At first glance, Monsterland is the latest entry into the horror anthology subgenre. However, unlike Holidays, for example, there is no common theme to the stories. Instead it makes an effort to provide a wraparound “story” that ties its nine mini-stories together. While these anthologies are sometimes attempts to quietly combine a series of short films into one package, Monsterland is more blatant about it: each one includes its own titles and end credits.
This approach kind of works since the wraparound story involves a man who stumbles into a movie theater during some kind of monster apocalypse, stepping over bloody corpses and helping himself to a tub of popcorn. Taking a seat in the theater, he watches the short films one by one as they are projected on the screen. In between, various creepy crawlies lurk behind him as we assume the world outside continues to devolve into chaos.
I placed the word “story” in quotation marks above, because there’s not so much a story as a set-up. It’s clever and starts the proceedings on an interesting note. However, the payoff is pretty lame. I would like to have seen more development in the wraparound so that, as a viewer, I didn’t feel like I was in a theater watching a short film festival. Perhaps it’s one of those concepts better discussed than executed as a movie. On the other hand, it seems like the creativity is there, so perhaps it’s just a missed opportunity.
The important thing is the short films, and there’s a real mixed bag. They vary in running time, approach and quality. The first one, Don’t Go Into the Lake, is well-made, but shares the same non-story quality of the wraparound. It’s like a scene from another movie rather than its own story. Two are animated. Monster Man is near-perfect, with blood exploding on screen like fireworks, but has a too-familiar twist at the end. Happy Memories is… bizarre. It’s made with toy puppets; that’s about all I can say.
Curiosity Kills is live action, but has the sensibility of a madcap cartoon. When his father brings home a briefcase with the radioactive symbol on it, a young boy discovers chemicals inside that turn his pet mouse into a superhuman killing machine. The film goes for slapstick, gross-out humor more than gore, but is funny to watch. While all the films have a humorous slant, none are as obvious as this one. Watch the credits for it; an animated version of the mouse flies back and forth across the screen.
In The Grey Matter, Simon has a gaping head wound, from which he pulls a talking parasite named Brian. Brian… brain… I’m sure that means something. There are a lot of puns and word play in this one.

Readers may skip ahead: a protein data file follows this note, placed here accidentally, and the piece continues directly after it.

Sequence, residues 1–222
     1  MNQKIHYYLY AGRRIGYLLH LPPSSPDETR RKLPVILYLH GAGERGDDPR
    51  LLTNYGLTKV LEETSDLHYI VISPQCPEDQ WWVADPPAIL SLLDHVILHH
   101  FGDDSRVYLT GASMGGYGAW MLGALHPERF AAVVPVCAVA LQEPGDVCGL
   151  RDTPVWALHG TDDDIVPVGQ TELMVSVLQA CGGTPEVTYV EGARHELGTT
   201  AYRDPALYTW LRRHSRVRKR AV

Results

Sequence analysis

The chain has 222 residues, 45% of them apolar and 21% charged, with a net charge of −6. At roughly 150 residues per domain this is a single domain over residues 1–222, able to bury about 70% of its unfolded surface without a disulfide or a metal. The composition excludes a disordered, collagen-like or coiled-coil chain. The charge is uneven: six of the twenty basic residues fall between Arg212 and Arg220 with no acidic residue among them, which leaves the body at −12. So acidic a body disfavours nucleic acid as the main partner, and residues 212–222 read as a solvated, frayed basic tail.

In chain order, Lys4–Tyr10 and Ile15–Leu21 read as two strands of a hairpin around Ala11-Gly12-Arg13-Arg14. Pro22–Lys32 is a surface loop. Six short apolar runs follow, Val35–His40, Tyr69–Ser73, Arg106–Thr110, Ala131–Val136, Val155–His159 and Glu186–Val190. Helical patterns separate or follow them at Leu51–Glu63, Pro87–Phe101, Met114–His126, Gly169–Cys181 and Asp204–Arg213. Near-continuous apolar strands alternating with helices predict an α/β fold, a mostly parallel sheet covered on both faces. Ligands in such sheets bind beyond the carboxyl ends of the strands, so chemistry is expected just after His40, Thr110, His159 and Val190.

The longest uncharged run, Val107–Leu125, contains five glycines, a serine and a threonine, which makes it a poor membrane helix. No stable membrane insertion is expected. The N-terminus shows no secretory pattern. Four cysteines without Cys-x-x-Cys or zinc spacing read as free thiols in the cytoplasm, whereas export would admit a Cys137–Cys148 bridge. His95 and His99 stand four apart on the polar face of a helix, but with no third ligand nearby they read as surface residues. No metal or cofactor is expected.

In Hag, Scott and his wife visit a marriage counselor about her sleepwalking problem. This one is also punny; however, it has the single scariest image in the entire endeavor.
In House Call, dentist Dr. Richter is crying into his cocktail over his recent divorce papers when the doorbell rings and a man forces him at gunpoint to pull his teeth. (He believes he’s turning into a vampire.) This is one of my favorite of the shorts in Monsterland. It made me squirm the most.
In Stay at Home Dad, the gender roles are reversed. The woman goes to work leaving her exhausted husband to feed their crying baby. The less said about this one the better; its surprise is an interesting one.
Monsterland saves the best for last, and I’d watch a full-length version of Hellyfish. Off the coast of Savannah, an Iranian terrorist and a Russian spy search for a missing H bomb. However, as a “record number” of jellyfish begin appearing on the beach, it’s clear that they’ve found it first. The camera quickly and creatively whisks us through the beach and introduces us to a variety of characters who will eventually encounter the mutated monsters.
With its insane sense of humor and a rousing soundtrack, Hellyfish is a helly of a good time. (Sorry.) It represents everything I hoped Monsterland would be. I’d say that the wraparound and other films take a little attitude from it, but could have been more entertaining overall by taking a lot more. Patrick Longstreth and Robert McLean directed Hellyfish. I’m not sure who’s credited with curating the contents of Monsterland, but I’d like to see what these two could do with 109 minutes instead of 13.
Monsterland is now available on DVD and digital video.